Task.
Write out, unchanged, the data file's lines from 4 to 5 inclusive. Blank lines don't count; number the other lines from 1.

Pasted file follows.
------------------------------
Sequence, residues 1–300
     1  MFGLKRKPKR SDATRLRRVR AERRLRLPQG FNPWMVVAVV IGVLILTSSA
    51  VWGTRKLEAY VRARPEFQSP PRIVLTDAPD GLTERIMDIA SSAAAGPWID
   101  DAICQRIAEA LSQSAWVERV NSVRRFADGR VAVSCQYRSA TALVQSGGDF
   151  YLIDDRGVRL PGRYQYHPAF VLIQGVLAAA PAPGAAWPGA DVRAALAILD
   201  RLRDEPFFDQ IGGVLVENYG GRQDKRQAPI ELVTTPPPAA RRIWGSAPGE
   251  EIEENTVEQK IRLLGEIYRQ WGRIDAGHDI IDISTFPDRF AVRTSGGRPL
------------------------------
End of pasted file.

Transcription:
   101  DAICQRIAEA LSQSAWVERV NSVRRFADGR VAVSCQYRSA TALVQSGGDF
   151  YLIDDRGVRL PGRYQYHPAF VLIQGVLAAA PAPGAAWPGA DVRAALAILD